November 10, 2013

People v. Casassa | Case Brief - 49 N.Y.2d 668, 404 N.E.2d 1310 (1980) - New York Court of Appeals

FACTS: Defendant had occasionally dated the victim.  She eventually told him she was not "falling in love" with him and he was devastated.  He began eavesdropping on her and once broke into her apartment, disrobed, and lay in her bed.  On his final visit to her he brought several bottles of wine and when she rejected the offer he pulled out a knife and stabbed her in the throat, then dragged her body into the bathroom and submerged it in water to make sure she was dead.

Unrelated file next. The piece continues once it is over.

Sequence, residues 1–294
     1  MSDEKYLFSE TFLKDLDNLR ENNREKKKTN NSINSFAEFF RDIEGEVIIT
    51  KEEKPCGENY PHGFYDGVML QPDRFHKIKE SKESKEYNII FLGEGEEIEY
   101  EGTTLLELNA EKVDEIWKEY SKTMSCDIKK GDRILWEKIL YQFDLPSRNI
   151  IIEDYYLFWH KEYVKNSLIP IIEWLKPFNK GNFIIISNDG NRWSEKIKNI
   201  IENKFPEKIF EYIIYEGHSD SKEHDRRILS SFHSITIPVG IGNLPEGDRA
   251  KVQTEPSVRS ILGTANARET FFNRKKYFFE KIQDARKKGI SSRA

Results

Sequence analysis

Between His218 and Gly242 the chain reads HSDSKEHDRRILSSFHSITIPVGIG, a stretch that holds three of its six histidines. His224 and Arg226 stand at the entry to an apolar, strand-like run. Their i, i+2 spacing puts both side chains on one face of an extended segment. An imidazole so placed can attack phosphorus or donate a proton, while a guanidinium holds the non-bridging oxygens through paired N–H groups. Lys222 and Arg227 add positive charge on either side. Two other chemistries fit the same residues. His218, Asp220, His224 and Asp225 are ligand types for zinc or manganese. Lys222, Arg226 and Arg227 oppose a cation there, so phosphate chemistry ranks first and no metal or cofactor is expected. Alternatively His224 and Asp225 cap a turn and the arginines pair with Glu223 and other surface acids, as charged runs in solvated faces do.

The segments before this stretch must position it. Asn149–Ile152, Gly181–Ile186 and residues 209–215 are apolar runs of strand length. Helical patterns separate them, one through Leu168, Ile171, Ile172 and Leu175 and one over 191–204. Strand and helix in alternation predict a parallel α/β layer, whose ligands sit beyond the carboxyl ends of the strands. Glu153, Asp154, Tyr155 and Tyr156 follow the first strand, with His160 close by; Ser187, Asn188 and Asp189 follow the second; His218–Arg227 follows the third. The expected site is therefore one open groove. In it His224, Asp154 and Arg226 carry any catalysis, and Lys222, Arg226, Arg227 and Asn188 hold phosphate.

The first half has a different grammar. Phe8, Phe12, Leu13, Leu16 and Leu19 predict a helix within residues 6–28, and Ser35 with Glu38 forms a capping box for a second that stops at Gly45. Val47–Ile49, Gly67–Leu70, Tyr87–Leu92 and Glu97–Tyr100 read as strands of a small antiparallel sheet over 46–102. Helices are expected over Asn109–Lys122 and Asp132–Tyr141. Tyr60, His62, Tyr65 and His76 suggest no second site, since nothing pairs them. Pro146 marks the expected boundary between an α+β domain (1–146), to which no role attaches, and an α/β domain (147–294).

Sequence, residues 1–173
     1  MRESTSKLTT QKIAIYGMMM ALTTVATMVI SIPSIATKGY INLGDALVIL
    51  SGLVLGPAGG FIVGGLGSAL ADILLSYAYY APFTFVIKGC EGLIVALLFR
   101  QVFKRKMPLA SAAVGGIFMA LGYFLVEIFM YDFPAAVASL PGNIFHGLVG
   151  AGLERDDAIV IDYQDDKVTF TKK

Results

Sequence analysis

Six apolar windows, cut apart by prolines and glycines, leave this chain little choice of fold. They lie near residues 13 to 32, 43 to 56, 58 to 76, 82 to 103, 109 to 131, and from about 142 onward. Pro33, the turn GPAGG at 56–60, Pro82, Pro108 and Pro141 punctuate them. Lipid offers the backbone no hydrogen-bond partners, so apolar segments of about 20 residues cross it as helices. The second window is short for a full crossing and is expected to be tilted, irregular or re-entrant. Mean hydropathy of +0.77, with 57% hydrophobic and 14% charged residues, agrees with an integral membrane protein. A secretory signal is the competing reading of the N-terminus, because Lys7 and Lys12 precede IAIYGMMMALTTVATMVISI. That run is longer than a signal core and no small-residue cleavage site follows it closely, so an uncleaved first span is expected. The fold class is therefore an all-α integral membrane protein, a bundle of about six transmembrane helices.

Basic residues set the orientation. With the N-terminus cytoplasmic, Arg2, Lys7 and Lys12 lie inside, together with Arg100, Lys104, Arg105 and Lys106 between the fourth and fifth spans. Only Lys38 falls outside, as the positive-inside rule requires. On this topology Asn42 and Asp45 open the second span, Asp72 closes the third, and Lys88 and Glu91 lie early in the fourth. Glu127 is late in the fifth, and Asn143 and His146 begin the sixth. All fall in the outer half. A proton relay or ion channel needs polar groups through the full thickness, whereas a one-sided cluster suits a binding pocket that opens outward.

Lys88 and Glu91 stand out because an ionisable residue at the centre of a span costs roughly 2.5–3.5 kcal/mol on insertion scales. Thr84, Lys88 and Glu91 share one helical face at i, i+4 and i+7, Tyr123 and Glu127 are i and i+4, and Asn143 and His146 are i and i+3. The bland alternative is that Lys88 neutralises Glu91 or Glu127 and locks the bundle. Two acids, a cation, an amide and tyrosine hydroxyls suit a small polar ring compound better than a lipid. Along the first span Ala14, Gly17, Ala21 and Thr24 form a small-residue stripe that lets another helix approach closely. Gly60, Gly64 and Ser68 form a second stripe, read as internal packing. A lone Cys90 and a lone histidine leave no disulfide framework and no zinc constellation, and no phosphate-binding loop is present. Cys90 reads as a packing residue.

Trial court found the defendant guilty of murder in the 2nd degree.

Did the trial court err in not granting him the benefit of the affirmative defense of extreme emotional disturbance?


The defense of extreme emotional disturbance has two main principals:

1) The particular defendant must have acted under the influence of extreme emotional disturbance

2) There must have been a reasonable explanation or excuse for such extreme emotional disturbance the reasonableness of which is to be determined from the viewpoint of a person in the defendant's situation under the circumstances as the defendant believed them to be

Component #1 is subjective

Component #2 is more objective in requiring a reasonable explanation for the actor's disturbance.

Because the test contains both subjective and objective elements it does expand the doctrine for evaluating "heat of passion" crimes while maintaining a degree of objectivity.